Being a rubbish seamstress (my stitches are never straight, I tend to always sew the fabric inside out and have to re-do the job twice or thrice ...), I followed the instructions found on a French blog Violaine. CLICK HERE to access the explanation (pdf file in French - translation will be made available asap).
The mummy loves her cakes.

Since she always so kindly brings to the office some cakes she made over the weekend, I thought I had to give her back some in the shape of a cross-stitched baby bib.

So there it is, some great-looking, mouth-watering, Le Stitch-made, French pastries & cupcakes

Mollie-Rose
(born: 27/12/11)




Religieuse filled with blueberry curstard


(yummy strawberry) charlotte aux fraises :p


Petit chou - pistachio flavoured... my favourite!!


Now tell me, how is it possible for the baby to be difficult when comes dinner time!!!

The grids have been designed by Charlotte et ses petites croix and are available for free on her blog:
http://charlotteetsespetitescroix.over-blog.com/
Self-covered button kits can be easily found in haberdasheries, craft shops or simply on the Internet. 


In this tutorial, Le Stitch is going to show you how to make your very own fabric buttons in less than 30 seconds per button, using a kit with a plastic base.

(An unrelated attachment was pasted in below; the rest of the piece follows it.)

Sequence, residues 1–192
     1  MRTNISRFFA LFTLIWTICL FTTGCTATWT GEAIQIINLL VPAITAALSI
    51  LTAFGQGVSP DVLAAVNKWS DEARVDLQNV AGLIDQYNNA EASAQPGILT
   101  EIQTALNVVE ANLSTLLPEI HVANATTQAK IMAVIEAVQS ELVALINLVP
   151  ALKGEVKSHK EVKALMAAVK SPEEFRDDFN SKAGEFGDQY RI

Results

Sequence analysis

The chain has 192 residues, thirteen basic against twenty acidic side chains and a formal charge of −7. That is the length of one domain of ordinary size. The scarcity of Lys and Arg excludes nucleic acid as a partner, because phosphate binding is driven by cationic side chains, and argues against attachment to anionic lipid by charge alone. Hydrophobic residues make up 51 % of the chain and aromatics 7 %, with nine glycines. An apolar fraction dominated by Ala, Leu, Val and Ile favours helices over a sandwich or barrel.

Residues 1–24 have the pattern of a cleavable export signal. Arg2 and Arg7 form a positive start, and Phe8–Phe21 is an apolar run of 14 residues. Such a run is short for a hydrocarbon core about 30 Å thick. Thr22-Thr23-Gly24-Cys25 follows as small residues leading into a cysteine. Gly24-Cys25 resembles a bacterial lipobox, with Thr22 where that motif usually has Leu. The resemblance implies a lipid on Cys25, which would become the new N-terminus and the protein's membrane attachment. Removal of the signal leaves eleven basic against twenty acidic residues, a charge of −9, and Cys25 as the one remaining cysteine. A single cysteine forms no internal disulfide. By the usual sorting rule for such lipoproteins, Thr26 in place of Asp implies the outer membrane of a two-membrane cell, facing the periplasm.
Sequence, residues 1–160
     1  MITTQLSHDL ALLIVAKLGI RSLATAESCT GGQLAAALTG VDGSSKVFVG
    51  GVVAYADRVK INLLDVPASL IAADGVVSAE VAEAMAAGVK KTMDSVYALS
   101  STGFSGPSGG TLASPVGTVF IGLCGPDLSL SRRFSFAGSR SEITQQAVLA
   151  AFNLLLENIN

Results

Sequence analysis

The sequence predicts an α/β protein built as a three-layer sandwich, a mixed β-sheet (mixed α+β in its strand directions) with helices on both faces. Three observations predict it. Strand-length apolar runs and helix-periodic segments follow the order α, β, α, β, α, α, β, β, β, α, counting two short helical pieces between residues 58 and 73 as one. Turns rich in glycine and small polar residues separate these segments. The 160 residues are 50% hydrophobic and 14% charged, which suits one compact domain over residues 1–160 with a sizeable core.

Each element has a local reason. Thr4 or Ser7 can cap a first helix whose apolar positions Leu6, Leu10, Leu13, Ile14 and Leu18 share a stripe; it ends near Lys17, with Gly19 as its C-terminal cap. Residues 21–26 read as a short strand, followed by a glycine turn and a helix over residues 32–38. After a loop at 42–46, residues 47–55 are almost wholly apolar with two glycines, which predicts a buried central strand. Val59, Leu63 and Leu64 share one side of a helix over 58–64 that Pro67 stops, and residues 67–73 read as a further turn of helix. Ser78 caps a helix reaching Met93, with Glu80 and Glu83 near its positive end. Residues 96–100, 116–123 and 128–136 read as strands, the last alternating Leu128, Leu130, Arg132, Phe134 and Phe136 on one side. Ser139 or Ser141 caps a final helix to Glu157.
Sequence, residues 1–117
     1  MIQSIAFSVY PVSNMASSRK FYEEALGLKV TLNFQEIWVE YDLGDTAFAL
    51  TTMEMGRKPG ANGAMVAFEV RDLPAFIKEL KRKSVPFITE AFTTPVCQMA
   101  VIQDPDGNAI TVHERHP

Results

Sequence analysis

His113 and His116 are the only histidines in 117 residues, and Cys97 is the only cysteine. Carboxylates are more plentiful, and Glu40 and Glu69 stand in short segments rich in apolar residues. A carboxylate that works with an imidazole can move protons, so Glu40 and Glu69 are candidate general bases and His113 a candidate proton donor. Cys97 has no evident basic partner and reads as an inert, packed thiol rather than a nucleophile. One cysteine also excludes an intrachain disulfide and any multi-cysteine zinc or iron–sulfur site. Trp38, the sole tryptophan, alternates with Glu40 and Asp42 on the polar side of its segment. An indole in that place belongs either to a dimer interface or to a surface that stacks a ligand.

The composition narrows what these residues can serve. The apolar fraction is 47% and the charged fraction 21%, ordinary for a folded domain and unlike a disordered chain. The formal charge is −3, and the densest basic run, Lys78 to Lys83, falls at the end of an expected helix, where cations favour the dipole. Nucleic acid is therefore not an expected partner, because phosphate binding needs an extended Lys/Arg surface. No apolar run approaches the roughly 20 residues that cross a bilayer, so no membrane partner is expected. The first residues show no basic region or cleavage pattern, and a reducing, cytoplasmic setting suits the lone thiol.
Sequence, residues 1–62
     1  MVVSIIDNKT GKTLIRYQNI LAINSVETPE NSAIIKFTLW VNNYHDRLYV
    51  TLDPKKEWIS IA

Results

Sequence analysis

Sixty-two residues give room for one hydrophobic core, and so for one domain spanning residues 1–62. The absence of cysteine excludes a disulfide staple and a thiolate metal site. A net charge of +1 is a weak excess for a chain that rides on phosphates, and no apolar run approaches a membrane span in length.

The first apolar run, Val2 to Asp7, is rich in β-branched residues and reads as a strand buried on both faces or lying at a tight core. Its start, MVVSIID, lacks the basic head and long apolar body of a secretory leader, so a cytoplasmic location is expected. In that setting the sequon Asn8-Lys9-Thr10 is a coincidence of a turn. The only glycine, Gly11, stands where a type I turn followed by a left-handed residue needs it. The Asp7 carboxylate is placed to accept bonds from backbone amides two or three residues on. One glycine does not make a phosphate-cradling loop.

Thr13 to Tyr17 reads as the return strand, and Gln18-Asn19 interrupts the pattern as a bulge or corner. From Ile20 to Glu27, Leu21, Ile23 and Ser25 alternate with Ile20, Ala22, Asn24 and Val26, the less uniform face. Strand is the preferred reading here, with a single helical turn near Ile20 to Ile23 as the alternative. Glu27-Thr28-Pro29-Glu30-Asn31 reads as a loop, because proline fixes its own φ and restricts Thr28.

1) Cut the fabric in a circle shape following the dimension given on the package. Here the circle is 18 mm in diameter.


2) Sew a simple, rough stitch all around the circle. Make sure to leave some loose thread at the beginning and at the end of your sewing.


3) Place the button dome in the center of the circle, on the wrong side of the fabric, then pull the two loose thread ends. This will tighten the fabric around the button base. Roll the remainder of the thread around the base


4) Place the plastic flat 'bit' on top of the fabric.


5) To push it inside the button dome, use a solid object - here I've used a bobbin thread.


Then push as hard as you can - no kidding but this is the toughest part of the making.


6) Here's your button!!!!!


Le Stitch is invited to a wedding reception this Saturday but has been faced with the problem of finding an outfit for a very long time.

I did not find any suitable dress until yesterday evening when I was struck by a flash of genius-ity!! Why don't I go to H&M? And there it is on display, this little black dress:


You must be thinking that black isn't a really appropriate colour for a wedding, and you're right. So it's time to get the scissors, threads and fabrics out of the cupboard and get the imagination flying:


The applique is made up of two types of checked fabrics and two roses sewed onto the fabric (originally these were hair pins from H&M):


It's now time to ensemble the outfit by adding a small pale rose t.shirt underneath the dress, complement it with a blue cardigan, etc.




Budget
dress: GBP 14.99
hair pins: GBP 1.99
fabric: free (given by my sister)
Total: GBP 16.98

Le Stitch has just demonstrated that it is not always necessary to spend a fortune on cloths. You can create amazing, unique outfit by simply let your imagination free.